3.2 Cantilever Technique:

This technique is basically utilized in case of the high rise structures. This is dependent on the simplifying assumptions in regards to the Axial Force in columns.

3.3 Inflection Technique:

The frame is diminished to a statically determinate shape by bringing forward sufficient number of points of the inflection. The loading on the frames frequently includes evenly dispersed dead loads & live loads.

3.4 Substitute Frame Technique:

The technique considers that the moments in the beams of the floor are manipulated by loading on that floor. The pressure of loading on the lower or upper floors is not taken into altogether. The procedure includes the division of multi-storied construction structure into the smaller frames. These sub frames are also called as equal frames or alternate frames.

  1. Iterative Technique:

Iterative strategies shape an effective class of techniques for examination of uncertain structures. These strategies after exquisite and straightforward technique of investigation, that is sufficient for common structures.

These techniques depend on the conveyance of joint moments among members associated with a joint. The precision of the arrangement relies on the quantity of emphases performed; generally three or five cycles are satisfactory for the majority of the structures.

The moment distribution strategies were founded by Hardy Cross in 1930’s and by Gasper Kani in 1940’s. These techniques include dispersing the known settled moments of the auxiliary members to the neighboring members at the joints, so as to fulfill the states of the coherence of inclines and relocations.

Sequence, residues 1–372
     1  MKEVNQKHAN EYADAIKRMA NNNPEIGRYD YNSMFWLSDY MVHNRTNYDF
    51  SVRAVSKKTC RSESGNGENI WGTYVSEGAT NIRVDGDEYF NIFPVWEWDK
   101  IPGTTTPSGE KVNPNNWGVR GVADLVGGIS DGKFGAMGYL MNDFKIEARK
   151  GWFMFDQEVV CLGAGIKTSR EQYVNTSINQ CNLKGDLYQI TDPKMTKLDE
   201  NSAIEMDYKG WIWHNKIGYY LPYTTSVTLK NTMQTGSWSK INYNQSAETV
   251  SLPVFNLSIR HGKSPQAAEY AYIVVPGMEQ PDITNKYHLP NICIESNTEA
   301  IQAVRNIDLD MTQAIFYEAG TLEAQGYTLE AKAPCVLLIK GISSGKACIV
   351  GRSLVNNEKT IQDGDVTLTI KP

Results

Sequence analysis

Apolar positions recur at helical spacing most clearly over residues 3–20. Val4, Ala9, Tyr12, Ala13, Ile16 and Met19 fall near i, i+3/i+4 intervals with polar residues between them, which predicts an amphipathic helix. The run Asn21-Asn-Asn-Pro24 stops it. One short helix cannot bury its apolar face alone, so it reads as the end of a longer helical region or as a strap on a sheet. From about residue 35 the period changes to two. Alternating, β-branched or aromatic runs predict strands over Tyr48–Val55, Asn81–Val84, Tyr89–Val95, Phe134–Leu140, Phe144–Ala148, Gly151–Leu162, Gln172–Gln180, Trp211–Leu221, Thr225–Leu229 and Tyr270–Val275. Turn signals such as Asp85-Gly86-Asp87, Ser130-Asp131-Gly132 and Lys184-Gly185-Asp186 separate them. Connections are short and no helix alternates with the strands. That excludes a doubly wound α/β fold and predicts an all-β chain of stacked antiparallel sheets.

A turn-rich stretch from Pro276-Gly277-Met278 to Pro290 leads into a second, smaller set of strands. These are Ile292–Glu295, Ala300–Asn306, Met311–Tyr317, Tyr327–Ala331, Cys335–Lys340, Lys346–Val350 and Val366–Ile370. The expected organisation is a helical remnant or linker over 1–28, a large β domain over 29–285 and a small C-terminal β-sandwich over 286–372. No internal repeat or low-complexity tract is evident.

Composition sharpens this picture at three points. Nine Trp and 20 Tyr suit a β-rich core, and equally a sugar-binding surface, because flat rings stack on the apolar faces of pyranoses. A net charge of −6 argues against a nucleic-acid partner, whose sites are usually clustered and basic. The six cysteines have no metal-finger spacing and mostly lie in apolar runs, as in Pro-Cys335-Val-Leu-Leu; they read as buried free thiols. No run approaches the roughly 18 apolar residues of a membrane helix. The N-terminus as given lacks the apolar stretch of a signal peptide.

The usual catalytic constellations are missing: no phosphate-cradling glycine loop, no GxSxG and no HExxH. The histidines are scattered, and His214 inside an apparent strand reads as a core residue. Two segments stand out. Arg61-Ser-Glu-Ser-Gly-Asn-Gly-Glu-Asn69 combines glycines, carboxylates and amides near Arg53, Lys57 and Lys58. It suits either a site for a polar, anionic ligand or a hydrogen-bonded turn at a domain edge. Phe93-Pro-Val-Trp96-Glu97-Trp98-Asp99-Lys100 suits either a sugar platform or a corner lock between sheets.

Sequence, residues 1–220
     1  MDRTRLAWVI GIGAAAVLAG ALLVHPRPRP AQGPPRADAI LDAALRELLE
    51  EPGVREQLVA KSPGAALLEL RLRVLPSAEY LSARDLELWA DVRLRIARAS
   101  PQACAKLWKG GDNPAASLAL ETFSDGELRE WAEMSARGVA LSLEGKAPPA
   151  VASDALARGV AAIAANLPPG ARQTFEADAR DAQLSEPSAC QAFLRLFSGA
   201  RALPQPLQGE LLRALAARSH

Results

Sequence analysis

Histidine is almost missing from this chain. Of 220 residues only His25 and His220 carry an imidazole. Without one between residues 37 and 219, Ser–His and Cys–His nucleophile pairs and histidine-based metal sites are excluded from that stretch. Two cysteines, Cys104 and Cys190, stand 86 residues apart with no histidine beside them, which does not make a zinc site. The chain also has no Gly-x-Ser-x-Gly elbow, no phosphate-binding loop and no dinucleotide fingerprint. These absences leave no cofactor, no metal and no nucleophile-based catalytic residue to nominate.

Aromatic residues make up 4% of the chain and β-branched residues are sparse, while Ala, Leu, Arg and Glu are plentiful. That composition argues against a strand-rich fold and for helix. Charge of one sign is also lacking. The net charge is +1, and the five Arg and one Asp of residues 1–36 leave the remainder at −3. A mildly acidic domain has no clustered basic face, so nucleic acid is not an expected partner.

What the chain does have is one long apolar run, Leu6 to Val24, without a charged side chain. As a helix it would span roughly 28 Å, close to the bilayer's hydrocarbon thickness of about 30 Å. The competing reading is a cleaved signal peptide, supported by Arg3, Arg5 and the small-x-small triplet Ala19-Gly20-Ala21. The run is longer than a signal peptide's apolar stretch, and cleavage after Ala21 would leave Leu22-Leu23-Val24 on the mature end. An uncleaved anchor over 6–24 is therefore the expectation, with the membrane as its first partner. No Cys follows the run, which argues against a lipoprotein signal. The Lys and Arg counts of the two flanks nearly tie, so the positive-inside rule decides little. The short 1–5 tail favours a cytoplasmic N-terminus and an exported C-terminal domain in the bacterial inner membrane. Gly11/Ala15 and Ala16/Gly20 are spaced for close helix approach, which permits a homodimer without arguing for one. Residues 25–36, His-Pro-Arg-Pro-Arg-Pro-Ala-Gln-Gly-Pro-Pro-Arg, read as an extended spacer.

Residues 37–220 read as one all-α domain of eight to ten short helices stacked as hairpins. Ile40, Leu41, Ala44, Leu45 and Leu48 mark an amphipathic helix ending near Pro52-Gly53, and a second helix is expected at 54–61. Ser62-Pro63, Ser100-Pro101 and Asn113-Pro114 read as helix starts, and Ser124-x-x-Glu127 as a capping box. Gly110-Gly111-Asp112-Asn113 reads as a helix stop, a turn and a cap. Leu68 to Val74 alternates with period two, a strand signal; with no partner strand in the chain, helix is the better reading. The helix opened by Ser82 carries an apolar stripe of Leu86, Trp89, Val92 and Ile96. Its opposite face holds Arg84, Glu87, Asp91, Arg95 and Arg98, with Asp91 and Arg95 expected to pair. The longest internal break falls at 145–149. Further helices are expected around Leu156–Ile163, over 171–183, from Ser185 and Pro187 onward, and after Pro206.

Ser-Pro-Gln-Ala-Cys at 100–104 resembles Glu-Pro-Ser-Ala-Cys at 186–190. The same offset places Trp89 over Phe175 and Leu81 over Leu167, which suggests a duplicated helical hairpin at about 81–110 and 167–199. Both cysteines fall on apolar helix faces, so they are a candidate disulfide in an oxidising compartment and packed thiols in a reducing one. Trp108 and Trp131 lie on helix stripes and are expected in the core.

In spite of the fact that these strategies are iterative in nature, they meet in a couple of cycles to give accurate solution.

4.1 Moment Distribution Technique:

This strategy was initially presented by Prof. Solid Cross is broadly utilized for the investigation of the intermediate structures. In this strategy first the basic framework is decreased to its kinematically determinate shape, this is achieved by accepting every one of the joints to be completely controlled. The settled end moments are ascertained for this state of structure. The joints are permitted to divert turn in a steady progression by discharging them progressively. The uneven moment at the joint shared by the imembers associated at the joint when it is discharged.

4.2 Kant’s technique:

This technique was presented by Gasper Kani in 1940’s. It includes circulating the obscure settled end moments of auxiliary members to adjoining joints, keeping in mind the end goal to fulfill the states of coherence of inclines and the displacements.

Process:

  1. Rotation stiffness at each one of the end of all the members of a construction structure is ascertained based on the end conditions.
  2. Both ends fixed

Kij= Kji= EI/L

  1. Near end fixed, far end simply supported

Kij= ¾ EI/L; Kji= 0

  1. Rotational factors are computed for all the members at each joint it is given by

Uij= -0.5 (Kij/ ?Kji)

 

{The sum of rotational factors at a joint is -0.5}

(Fixed end moments incorporating the transitional moments, moment releases and carry over moments are calculated for the members and entered. The total of the FEM at a joint is entered in the focal square drawn at the joint).

  1. Iterations could be started at any joint but the iterations start from the left end of the structure usually given by the equation

M?ij = Uij [(Mfi + M??i) + ? M?ji)]

  1. At first the rotational components? Mji (sum of the rotational moments at the far ends of the joint) could be taken for zero. Additional iterations consider the rotational moments of the preceding joints.
  2. Rotational moments are calculated at each joint consecutively till all the joints are processed. This process carries out one cycle of iteration.
  3. Steps 4 and 5 should be carried out repeatedly the difference in the values of rotation moments from consecutive cycles is neglected.
  4. Final moments in the members at each one of the joint are calculated from the rotational members of the final iterations step.

Mij = (Mfij + M??ij) + 2 M?ij + M?jii

The lateral translation of joints (side sway) is taken into account by incorporating column shear in the iterative procedure.

  1. Displacement factors have to be calculated for each storey expressed by

Uij = -1.5 (Kij/?Kij)